Steel has functioned as a building block for thousands of years. From roads, to buildings, gas pipelines, cars, and even the knives we use during dinner, steel touches every aspect of our modern lives.
Its fundamental societal role goes back to the Iron Age, when some of the world’s first tools and weapons were manufactured using steel. In the 19th century, it underwent a makeover thanks to inventor Henry Bessemer, who revolutionized the industry with a technique enabling production of large amounts of high quality steel for the first time. Now, 200 years of massive scale has brought its own set of problems. Steel is one of the largest single sources of global carbon emissions in the world – in fact, the industry is responsible for a whopping 8 to 10 percent of emissions.
Despite this troubling statistic, steel is critical to the infrastructure of the modern world. It is here to stay. In 2021, close to 2 billion metric tons of steel was produced globally, a 3.6% increase from 2020 according to the World Steel Association.
At the same time, the steel industry faces mounting pressure to take on a prodigious task: reduce its carbon footprint significantly. Developing and implementing workable and realistic pathways to net zero is a complex and pressing issue. But the steel industry cannot solve the crisis alone. It needs long term partners and collaborators to achieve this lofty goal.
For companies and organizations whose large scale operations require significant amounts of steel, confronting the climate crisis means implementing change across deeper, entrenched systems that go beyond solutions like energy efficiency.
These organizations must consider every aspect of their supply chain as an opportunity to go green.
Multinational corporations feel pressure from both investors and customers to take on long term sustainability goals. Commitments to create sustainable supply chains with green steel infrastructure can have an enormous impact. This is especially true as the number of warehouses continues to grow, having consistently increased every year since 2010.
This is partly thanks to a rise in demand for e-commerce, where growth has resulted in the need for an additional 330 million square feet of distribution space.
It is exactly in these vast spaces where emissions insidiously hide. According to the World Business Council for Sustainable Development, half of all emissions are embodied in buildings, meaning that they are caused by the manufacturing of materials and the construction process.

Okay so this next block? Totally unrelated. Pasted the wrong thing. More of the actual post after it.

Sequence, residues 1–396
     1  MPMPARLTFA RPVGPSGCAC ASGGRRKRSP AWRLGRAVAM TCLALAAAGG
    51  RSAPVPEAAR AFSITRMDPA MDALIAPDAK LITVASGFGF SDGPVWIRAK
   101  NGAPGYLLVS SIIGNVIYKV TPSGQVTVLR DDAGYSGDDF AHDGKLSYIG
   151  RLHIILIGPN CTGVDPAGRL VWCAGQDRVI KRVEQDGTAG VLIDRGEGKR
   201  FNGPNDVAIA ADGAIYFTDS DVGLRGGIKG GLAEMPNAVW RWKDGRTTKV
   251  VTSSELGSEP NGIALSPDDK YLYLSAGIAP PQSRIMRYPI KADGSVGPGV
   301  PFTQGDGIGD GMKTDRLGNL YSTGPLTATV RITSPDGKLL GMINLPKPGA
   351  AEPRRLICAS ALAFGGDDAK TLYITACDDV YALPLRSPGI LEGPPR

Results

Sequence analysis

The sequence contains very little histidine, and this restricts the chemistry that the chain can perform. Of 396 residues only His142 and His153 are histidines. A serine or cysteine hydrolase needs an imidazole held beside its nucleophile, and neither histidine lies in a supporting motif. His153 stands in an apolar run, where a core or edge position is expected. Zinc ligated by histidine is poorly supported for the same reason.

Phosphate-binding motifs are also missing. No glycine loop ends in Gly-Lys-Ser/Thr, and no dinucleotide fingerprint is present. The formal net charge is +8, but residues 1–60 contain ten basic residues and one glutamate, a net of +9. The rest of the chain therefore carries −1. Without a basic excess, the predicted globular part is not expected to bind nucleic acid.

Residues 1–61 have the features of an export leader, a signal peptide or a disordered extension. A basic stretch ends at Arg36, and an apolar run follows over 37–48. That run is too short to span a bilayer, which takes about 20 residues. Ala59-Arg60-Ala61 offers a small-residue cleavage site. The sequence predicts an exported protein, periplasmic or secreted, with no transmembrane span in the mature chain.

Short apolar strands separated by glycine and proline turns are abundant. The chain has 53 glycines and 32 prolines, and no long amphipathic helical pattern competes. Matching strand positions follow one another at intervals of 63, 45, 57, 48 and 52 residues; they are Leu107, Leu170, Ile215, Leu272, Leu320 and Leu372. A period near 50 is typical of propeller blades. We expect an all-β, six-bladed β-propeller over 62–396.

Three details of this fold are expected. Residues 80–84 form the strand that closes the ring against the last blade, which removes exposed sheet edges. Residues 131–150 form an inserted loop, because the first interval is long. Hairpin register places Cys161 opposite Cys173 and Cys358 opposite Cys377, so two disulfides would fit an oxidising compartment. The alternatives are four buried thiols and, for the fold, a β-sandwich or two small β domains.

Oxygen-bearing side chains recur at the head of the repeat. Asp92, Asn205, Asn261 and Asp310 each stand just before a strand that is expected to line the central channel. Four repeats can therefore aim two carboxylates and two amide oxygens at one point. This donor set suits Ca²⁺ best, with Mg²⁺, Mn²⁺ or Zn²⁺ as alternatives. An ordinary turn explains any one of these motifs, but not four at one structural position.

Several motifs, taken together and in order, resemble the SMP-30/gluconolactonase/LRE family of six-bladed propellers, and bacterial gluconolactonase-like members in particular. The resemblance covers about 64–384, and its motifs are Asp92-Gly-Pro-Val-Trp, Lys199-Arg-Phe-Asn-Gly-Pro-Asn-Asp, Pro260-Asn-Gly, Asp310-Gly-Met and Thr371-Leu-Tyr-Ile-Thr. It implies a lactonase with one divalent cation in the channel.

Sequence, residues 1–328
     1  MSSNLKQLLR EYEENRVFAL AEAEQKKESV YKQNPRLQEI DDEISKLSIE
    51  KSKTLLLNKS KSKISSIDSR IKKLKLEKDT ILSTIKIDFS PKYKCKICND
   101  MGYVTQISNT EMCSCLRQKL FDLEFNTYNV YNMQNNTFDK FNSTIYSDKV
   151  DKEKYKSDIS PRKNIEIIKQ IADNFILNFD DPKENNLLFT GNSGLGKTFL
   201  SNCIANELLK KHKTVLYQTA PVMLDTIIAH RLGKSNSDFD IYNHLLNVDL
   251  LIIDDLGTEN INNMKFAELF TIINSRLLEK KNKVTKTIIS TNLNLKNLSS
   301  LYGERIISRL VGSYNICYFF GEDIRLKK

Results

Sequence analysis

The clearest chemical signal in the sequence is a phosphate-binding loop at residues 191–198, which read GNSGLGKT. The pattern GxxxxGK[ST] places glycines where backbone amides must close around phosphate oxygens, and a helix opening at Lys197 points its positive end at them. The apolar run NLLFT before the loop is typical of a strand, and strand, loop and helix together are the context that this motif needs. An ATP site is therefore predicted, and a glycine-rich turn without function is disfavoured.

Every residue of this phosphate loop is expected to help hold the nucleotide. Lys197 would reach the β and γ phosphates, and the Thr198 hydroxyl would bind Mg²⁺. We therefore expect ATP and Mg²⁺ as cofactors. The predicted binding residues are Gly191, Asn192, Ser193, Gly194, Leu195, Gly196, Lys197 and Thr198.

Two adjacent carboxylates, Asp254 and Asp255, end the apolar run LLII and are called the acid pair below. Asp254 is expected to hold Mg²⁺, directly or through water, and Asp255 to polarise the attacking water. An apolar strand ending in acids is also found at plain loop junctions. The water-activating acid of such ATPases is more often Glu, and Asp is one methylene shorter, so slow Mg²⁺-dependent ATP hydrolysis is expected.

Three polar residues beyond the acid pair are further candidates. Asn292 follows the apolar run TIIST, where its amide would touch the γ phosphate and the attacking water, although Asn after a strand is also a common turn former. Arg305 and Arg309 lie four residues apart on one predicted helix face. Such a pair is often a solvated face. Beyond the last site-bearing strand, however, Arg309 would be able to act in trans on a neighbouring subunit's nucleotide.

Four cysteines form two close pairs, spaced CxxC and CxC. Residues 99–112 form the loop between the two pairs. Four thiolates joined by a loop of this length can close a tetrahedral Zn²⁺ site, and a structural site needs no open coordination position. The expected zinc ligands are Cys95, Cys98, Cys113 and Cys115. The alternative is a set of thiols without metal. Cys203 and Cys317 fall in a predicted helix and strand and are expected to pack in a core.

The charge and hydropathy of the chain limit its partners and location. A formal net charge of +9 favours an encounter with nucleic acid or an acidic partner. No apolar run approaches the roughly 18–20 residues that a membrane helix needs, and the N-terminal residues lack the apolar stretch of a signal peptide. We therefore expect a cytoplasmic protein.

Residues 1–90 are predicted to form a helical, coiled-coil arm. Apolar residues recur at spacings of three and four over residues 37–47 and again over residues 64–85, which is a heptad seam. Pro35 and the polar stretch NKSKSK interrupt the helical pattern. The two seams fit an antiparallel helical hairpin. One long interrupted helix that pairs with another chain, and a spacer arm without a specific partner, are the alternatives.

Target recently built a 2 million square foot warehouse, considered one of the largest buildings in the world, and just one Amazon fulfillment center in Kent, Washington took more steel to build than the 81-story Eiffel Tower for example. To handle large shipments of imports from overseas, the company’s carbon emissions climbed 19% last year. Now, they’re rethinking the consequences of infrastructure on environmental sustainability. In their recently released Sustainability Report, the company says it is reducing embodied carbon in the primary structural materials used in their data centers, concrete and steel – a move which they predict will cut carbon in their structures by at least 20 percent. And tech giant Google is not far off, envisioning its latest campus as the “embodiment of a grander ambition to run its operations entirely free of carbon.”
These changing business practices will create new jobs and open new business opportunities for the steel industry. As steel plays a vital role in supplying parts for renewable energy infrastructure such as solar installations and wind turbines, and companies are increasingly making public commitments to reducing CO2 emissions, high-quality and innovative steel solutions are going to be in high demand. Perhaps most crucial in the race to decarbonize is the ability to scale.
The paths to achieving net zero in the steel industry exist or are steadily on their way to being realized. They include recycling, carbon capture, hydrogen reduction, and electrification. Electrification involves a method called Molten Oxide Electrolysis or MOE. This process does not emit CO2 or other harmful byproducts. Instead, fossil fuels are replaced with renewable electricity to generate currents that convert iron ore into liquid metal.
The commercialization outlook for technologies like MOE is increasingly positive. Innovative and driven startups are working to bring a promising matrix of solutions to market in the race to green the steel industry in the coming years. As more companies take on the challenge of developing tech that can help reduce one of the largest single sources of carbon emissions in the world, they’re going to need partners who are committed to decarbonization goals which prioritize infrastructure.
The severe impact of climate change and global warming as a result of carbon emissions can no longer be ignored. We all share the responsibility of combating the greatest challenges of our time, each step of the way, and for each link in the supply chain.